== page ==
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Let's not rush to judgment on nuclear energy
March 17, 2011
   
   

Long before the tragedy in Japan, Americans were on the fence about nuclear energy. Though the technology was pioneered in the United States, no new nuclear plants have been built here in more than 30 years. While Japan's disaster is a warning, we should reserve judgment about nuclear energy's future role until we've assessed what really went wrong.

According to news reports, the problem was not initially with the reactors but with the diesel generators intended to produce backup power to cool the reactors when they were down for maintenance. Though the generators were designed to withstand seismic events, they apparently weren't sufficiently protected from the flooding brought by the tsunami. Had they been better equipped for flooding, it is likely none of the reactors would have lost cooling capacity or been damaged. In the United States, we are told, backup generators are better protected - either housed in watertight buildings or, in California's case, placed uphill to protect against flooding.

Another issue is the efficiency and competence of regulators. Since the disaster began, Japanese regulators have been criticized as lax. The Milken Institute's 2009 Opacity Index rates Japan's overall regulatory structure as less sound than that of the United States. While there are no sources we know of comparing Japan's nuclear regulators to those elsewhere, we do know that America's nuclear regulatory bodies are considered among the most competent in the world.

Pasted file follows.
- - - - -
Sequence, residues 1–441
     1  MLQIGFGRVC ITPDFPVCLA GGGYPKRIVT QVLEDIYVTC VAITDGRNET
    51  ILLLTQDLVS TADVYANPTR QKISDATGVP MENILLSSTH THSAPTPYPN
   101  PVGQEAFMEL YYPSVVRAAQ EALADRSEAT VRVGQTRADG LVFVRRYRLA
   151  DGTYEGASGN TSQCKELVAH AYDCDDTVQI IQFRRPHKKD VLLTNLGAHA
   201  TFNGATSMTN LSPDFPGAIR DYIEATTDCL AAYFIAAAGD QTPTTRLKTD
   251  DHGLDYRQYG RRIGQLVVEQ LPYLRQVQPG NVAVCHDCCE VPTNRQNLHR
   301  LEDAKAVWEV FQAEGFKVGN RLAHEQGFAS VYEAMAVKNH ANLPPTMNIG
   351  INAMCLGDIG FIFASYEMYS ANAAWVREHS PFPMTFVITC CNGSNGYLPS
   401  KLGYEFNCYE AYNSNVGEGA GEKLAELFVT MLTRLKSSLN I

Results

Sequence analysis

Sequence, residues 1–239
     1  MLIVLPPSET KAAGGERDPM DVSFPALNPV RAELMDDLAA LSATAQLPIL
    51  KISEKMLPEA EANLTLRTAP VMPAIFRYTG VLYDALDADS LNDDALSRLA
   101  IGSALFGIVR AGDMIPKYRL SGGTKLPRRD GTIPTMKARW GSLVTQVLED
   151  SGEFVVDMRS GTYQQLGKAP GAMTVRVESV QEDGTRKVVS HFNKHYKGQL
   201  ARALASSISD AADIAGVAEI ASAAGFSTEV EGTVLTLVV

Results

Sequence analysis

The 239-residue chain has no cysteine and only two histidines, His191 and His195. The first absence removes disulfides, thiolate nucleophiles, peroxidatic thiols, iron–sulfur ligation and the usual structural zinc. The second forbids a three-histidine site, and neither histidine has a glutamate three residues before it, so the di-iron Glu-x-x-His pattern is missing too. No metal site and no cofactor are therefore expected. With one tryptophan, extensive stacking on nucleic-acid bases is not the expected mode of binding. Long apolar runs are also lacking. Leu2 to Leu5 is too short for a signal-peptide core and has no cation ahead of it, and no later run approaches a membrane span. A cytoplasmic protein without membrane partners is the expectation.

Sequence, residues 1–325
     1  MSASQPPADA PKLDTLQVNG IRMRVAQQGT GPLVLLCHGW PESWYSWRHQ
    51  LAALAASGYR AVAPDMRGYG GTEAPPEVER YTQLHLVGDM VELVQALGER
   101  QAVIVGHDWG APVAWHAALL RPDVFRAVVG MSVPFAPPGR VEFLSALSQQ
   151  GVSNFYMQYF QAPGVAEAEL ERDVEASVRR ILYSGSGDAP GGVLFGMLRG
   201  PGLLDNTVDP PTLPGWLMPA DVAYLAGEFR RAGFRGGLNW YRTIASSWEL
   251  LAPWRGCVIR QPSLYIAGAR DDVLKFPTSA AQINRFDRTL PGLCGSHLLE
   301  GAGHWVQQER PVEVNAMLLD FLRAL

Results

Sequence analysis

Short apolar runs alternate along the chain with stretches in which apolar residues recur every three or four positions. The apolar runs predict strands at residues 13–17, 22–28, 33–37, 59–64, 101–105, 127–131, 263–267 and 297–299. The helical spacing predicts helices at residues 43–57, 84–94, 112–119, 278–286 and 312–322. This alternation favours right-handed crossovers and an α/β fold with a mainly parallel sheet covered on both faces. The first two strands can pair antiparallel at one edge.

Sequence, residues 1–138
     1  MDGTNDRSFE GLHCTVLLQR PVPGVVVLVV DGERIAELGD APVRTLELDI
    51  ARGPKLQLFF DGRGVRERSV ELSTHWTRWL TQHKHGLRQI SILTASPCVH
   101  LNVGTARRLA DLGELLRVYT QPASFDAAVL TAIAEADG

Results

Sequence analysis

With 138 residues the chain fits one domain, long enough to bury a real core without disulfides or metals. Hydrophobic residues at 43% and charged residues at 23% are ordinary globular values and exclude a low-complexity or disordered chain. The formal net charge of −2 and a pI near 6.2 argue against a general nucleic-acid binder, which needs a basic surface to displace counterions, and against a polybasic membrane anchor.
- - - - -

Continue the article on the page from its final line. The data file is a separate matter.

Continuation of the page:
Finally, there are issues with the reactors themselves. Designed in the 1960s, these reactors were criticized for supposedly weak containment vessels as early as the 1970s. These alleged weaknesses were in no way kept secret. We need to clarify whether similar reactors operating in the United States and elsewhere in the world have been upgraded.

Once we understand what really caused the problems at the Japanese reactors, we can decide how - and whether - to go forward with nuclear power in the United States. Instead of panic, we need clear thinking, open minds and a sound analysis.